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When people think of custom software development — especially when hiring a third-party developer to perform said development — they generally think in terms of projects. It’s an entrenched way of thinking, and it’s not totally without merit. Many companies, when they’re conceptualizing a new application they wanted developed on their behalf, start the dev. process by putting together a requirements document. Then, after some deliberation, refining and tweaking, the requirements document will go out to prospective bidders on the project. Once the bids come back, the choice then most often comes down to some combination of 1) how long will it take to deliver, 2) how much will it cost to get there, and 3) can these jokers actually deliver on that which they promise?

This is a perfectly valid engagement model. For simple projects or supremely detailed and specific ones (as in the requesting company has thought through everything and has an exceedingly specific vision for the project), handing over a requirements doc and having potential partners compete on delivery dates and price makes good sense. However, it’s a lower form of partnership; it’s more of a boss/employee type of working relationship, as opposed to a partnership built on collaboration and additive input.

That’s more of what the best companies have to offer.

The difference can be understood as the variance between a product and a project mindset. A project mindset is what I’ve already outlined: a client has a very specific set of features and requirements they want met, put it down on paper, and expect a deliverable by the date and time you quote for the amount you quoted. A product is something different; it’s a mindset we’re always trying to bring to the table.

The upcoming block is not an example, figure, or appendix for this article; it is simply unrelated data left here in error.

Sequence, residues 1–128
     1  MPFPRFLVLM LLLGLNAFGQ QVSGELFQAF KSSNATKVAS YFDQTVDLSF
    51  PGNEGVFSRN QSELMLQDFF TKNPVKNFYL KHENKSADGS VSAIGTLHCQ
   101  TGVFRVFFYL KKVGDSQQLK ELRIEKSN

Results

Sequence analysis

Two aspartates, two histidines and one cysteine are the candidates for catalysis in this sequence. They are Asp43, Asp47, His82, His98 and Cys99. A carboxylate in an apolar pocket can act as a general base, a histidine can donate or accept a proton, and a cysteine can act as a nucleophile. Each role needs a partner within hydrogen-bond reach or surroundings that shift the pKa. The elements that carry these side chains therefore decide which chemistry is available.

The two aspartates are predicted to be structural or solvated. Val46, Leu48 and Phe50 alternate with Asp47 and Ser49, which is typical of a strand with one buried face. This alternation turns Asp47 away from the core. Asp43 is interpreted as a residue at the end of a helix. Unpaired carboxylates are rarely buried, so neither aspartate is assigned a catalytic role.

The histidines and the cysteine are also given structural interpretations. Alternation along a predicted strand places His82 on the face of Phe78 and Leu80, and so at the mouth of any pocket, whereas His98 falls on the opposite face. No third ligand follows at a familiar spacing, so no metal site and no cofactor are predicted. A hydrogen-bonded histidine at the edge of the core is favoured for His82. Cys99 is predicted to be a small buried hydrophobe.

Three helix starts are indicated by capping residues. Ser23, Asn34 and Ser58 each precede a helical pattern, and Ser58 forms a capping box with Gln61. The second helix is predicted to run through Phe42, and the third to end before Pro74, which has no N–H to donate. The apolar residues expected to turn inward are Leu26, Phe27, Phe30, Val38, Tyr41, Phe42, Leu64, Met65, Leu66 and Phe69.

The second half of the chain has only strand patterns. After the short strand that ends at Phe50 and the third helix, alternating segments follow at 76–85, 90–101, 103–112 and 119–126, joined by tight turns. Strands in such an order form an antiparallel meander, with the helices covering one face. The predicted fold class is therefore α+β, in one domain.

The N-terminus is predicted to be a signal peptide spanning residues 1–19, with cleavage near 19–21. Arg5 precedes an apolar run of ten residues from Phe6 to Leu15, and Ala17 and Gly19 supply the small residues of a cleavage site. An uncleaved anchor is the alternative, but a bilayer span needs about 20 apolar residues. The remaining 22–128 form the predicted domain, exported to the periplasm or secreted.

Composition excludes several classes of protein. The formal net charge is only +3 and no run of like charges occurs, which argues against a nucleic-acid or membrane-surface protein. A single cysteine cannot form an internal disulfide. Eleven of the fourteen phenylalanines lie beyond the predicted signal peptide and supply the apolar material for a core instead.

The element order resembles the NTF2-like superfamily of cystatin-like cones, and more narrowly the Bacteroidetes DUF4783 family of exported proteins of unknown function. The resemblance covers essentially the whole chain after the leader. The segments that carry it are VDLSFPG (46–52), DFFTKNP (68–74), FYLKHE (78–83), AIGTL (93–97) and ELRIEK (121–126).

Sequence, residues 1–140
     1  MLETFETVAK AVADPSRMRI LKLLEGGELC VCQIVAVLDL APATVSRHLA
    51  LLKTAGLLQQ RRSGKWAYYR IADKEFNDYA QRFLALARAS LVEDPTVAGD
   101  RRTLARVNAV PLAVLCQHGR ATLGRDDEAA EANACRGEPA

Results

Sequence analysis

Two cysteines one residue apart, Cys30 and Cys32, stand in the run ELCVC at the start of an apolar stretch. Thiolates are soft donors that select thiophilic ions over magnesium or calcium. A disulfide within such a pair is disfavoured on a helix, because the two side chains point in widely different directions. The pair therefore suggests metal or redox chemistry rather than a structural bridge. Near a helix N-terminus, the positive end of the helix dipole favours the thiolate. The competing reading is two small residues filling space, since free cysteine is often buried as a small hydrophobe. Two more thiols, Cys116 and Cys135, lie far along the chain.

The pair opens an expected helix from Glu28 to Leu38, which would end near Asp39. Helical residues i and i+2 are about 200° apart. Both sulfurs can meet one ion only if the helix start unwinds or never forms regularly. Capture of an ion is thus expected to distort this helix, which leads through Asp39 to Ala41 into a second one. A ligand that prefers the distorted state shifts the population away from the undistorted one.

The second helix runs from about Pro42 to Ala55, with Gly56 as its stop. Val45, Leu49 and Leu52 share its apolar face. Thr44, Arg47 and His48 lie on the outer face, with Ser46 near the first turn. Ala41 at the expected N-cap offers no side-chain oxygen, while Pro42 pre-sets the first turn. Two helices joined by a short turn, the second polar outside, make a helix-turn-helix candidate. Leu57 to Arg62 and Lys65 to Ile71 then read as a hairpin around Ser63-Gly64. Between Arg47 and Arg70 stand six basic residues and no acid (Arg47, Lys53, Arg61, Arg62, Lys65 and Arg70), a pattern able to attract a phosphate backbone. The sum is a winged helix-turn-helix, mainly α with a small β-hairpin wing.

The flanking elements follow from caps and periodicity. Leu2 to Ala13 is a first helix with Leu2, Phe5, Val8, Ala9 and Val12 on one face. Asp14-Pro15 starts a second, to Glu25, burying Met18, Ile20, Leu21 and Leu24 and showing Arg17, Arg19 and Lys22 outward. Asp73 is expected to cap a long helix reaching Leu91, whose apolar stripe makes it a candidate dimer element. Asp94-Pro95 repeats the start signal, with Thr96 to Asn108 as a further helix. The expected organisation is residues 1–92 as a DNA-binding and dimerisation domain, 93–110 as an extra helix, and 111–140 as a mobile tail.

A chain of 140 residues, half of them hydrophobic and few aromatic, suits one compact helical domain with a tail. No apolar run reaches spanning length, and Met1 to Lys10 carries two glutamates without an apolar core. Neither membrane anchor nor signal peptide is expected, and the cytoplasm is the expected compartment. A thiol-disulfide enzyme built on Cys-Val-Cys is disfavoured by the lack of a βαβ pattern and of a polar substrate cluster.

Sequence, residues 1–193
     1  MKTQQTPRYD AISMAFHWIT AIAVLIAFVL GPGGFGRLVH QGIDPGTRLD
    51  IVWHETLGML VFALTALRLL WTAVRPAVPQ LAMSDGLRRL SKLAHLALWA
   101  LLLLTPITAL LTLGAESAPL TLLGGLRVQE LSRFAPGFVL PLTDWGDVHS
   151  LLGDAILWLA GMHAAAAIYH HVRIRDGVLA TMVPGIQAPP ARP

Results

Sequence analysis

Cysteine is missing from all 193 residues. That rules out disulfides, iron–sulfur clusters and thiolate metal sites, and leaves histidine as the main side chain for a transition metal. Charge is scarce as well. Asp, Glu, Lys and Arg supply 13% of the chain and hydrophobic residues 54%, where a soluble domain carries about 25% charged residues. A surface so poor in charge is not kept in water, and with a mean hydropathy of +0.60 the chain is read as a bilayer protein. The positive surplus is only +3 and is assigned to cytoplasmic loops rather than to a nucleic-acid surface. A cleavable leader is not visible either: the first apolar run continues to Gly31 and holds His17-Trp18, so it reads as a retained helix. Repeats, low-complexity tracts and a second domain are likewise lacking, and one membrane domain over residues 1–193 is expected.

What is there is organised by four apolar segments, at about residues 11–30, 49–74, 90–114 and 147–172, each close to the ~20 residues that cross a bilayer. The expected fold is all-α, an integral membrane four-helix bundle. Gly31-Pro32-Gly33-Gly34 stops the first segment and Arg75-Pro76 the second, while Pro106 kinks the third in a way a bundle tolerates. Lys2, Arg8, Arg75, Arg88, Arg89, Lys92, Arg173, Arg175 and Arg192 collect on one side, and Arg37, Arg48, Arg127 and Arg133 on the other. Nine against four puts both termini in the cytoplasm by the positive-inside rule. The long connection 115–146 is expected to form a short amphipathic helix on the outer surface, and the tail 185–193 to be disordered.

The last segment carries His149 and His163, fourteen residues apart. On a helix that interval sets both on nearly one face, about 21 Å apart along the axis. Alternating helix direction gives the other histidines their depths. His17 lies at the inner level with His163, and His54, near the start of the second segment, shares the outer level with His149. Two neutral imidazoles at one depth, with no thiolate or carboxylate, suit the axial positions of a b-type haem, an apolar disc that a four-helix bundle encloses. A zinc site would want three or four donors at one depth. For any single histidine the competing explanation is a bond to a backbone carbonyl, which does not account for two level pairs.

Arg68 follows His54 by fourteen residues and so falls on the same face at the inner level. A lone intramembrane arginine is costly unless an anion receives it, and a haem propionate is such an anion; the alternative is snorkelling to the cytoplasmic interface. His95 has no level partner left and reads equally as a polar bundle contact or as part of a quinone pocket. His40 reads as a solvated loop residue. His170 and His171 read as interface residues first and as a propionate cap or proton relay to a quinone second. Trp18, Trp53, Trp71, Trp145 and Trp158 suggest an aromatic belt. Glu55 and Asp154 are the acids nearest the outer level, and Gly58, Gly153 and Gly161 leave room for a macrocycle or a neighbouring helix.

When your development partner is thinking in terms of a product delivery, it changes the entire relationship. Instead of simply developing a specific feature-set you request, they’re trying to offer value, creativity and insight at every turn. It keeps a development partner focused on business objectives, audience, end goals and measures for success instead of simply hitting delivery markers. Your developer can take a wide-angled view of what you both are building together and offer advice and insight into how you can best achieve it together. It forces/allows a development partner to focus on the long game. Instead of hustling to bang out version 1 and then rid themselves of your project, they’re thinking of the best product roadmap: what’s the minimum viable product that can start attracting an audience? What’s the next wave of features our customers are going to demand? How can we leverage consumer feedback into version 3? What support structures do we need to build in order to service this app long term?

Instead of cramming as many features into version 1 of a project to goose the cost of the engagement, product management shops are thinking about the best roll out strategy for your business, not just for this one app (or feature set within an app). Product shops are trying to bring perspective and insight to the development process for years down the road. They’re focused on how to build a sustainable business, together, not just how can they deliver what features the client asked for.

At ENO8, we color ourselves product folks. We have expertise, enthusiasm and creativity we can bring to bear on any of our projects, and we think the best results always come from client and developer working together to solve a business problem instead of one simply taking orders from the other and spitting back a carbon copy software solution. If you look for that feature in your next software partner, we think you’ll really find a competitive edge to leverage.

Happy hunting in the search for a better product partner!

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